3 out of 5
Produced by: Various
Hey gang: I love The Suicide Machines. Maybe I’ve never successfully been able to get on board with their self-titled album, but even at the time, that disc didn’t convince me not to love, and (s/t excepting…) each of their releases have merited multiple, multiple spins from me, and have entered into the realm of know-it-front-to-back-I’ll-embarrass-you-by-singing-along territory.
When you own all of the discs from a group, a best-of compilation can still have merit: presenting songs in a new context; offering up your faves in an already curated playlist; not to mention the possibility of new material, which this S.Machines comp has in the form of a live track and an unreleased track. There’s also anti-best-of style of collecting, in which tracks are culled perhaps more selectively, instead of by popularity. SMs never necessarily made the big time, but they had an undeniable following, and that undeniable following had undeniable faves; I’d say those faves made it on here, but there is also that sense of picking and choosing of “other” material. So: The Least Worst of the Suicide Machines has bonuses, and has a good mix of top hits and selective material.
But it doesn’t quite work.
A secondary reason to that is that the albums collected here – their four Hollywood records albums – are actually quite different. Destruction By Definition is classic ska/punk; Battle Hymns is more full-throttle thrash punk; self-titled is pop; Steal This Record is hardcore rock. It’s the same band, but their releases are fully functioning standalone things, and don’t puzzle-piece together too well. The main reason, though, is that the sequencing of each album’s selections have been entirely rearranged. Yeah, I have my long-term love at work here, stuck to what I feel like is the “best” sequencing of tracks, i.e. what originally appeared on the albums, but I feel like I can set that aside, and in doing so I cannot hear the thought behind Least Worst’s ordering. Like opener Break The Glass isn’t a great opener; Islands isn’t a great second song; and so on. In the attempt to stray from the usual Greatest Hits format, the disc is somewhat self-defeating.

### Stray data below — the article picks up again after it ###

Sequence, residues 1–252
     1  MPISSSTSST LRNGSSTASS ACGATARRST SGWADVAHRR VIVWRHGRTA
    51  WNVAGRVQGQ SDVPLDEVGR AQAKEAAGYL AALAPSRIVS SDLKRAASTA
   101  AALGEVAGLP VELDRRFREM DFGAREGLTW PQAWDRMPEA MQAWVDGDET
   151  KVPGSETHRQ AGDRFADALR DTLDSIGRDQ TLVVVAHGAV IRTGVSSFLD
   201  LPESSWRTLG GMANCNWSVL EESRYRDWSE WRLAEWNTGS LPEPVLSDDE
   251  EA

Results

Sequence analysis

The context change-up does sort of work in self-titleds favor, as you can directly compare how the group was trying to enhance their sound while holding on to some degrees of punkiness. (When listening to that full album, you’re always sort of waiting for the rawk shoe to drop, and it’ ne’er does.) And, hey, those unreleased tracks, which aren’t anything special, per se, but they’re worth hearing.
I can’t rate this lower than a three, because all the songs are top notch, but even if someone wanted a sample of The Machines’ range, I’d probably encourage them to pick up two separate albums instead of this comp.